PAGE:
If you read the forum at all, you can see there is a lot of frustration here. I have a simple idea I have put forth before in different contexts I would ask you to consider. You worsen the odds on breeding a unicorn, then make breeding an emerald nearly impossible. This has resulted in a privileged few having more than a handful of ultra rares, a significant number with a unicorn who will never get an emerald because they won't try after you changed the rules on us, and a very large group who every day are nearer to quitting the game because it refuses to give us the unicorn it so easily gave the early lucky ones. To make matters worse, those who have ultra rares are able to actually continue to develop their park with the income they rake in, while those of us condemned over and over again on a daily basis to being unlucky, we have that bad luck magnified hugely by the inability to expand. Because expansion and obstacle removal prices are clearly only reasonable for those with huge incomes.
And yet, you claim the changes you are making, the same changes that keep widening the income gap, are in the name of "game balance." So I ask, HOW does this ever-increasing gap between the haves and the have-nots create BALANCE? All I can think is that your idea of balance is not that everyone, at the end of the day, have as much chance of filling their albums as anyone else (because those who did not begin when the game was released AND get lucky early clearly do NOT at this point have anywhere NEAR equal odds to the others at this point). You don't care how incredibly imbalanced it is from that perspective. Your idea of "balance" can logically only be some sort of overall ratio you go for: how many ultra rares are there in the total game divided by number of players. That is the only way that what you are doing could possibly have any twisted sense of "balance." A few folks got more than you expected from the odds you set up, so making everyone else worse off, but counting only total number of ultra rares and total number of players, gives you the overall ratio you want. But how can you NOT see that what you are doing is in fact creating a huge imbalance growing wider by the day from the perspective of each individual playing the game? Because we are not just a number. We EACH, INDIVIDUALLY need to get something out of the game. And we each deserve an EQUAL CHANCE to fill our albums. Make it harder for those already behind makes it more IMBALANCED, not balanced, to us.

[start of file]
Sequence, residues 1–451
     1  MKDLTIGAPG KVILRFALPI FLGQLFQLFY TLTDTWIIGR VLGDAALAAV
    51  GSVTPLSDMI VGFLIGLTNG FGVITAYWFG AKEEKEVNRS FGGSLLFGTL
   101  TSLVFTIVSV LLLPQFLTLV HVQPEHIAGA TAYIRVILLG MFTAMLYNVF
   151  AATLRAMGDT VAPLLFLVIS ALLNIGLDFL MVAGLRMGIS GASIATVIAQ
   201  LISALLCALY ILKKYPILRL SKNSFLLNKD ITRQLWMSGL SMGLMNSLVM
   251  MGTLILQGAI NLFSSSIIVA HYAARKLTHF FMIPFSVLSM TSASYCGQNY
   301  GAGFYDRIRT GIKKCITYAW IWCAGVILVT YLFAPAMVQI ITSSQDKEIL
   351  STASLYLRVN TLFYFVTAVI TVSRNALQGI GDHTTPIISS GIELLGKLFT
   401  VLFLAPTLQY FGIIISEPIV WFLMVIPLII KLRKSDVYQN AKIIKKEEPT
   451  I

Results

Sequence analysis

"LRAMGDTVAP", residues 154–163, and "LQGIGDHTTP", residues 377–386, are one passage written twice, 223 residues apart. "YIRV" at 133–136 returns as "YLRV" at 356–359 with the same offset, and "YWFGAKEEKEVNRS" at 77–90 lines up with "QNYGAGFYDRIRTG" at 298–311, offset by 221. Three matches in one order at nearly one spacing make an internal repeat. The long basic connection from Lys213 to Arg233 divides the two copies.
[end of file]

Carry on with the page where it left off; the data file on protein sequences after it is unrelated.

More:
You want to keep the number of ultra rares down. Fine. That makes sense. I just beg of you to do that FAIRLY. To allow everyone a decent chance to get one of each. Not make it super easy - it should be challenging, but not as impossible as it is now. Then make it more difficult to get multiples. My proposed solution for this huge inequity is the following:
- Make the odds of getting a unicorn increase a very small amount over time for those who do not have one. Then revert back to the low odds permanently for that player.
For example, let's say that the odds right now of getting a unicorn when 4 elements are in the den is 0.5%. After a player puts 4 elements in the den 10 times and has not gotten a unicorn, those odds become 1%. Another 10 fails and it becomes 1.5%. Etc., etc., up to a cap of let's use 5% in this example. Once that player has a unicorn egg, the odds drop back down to the baseline (0.5% in my example) forever for him/her.
- The cap on the unicorn odds should = whatever the odds were the day the unicorn was first released.
- If a player has zero emerald dragons, they get the 20 second panda fail. When a player has 1 or more emerald dragons, they get the 1 hour panda fail.
- The same rules for the emerald dragon apply to any future crystal hybrids.
That's it. In this way, there is no sudden explosion of dozens of each in a kingdom. But those of us who were unlucky early in the game are not condemned for life to never get decent income unless we get rid of nearly all our other animals and only hatch & level up super rares, giving us suky and un-fun parks.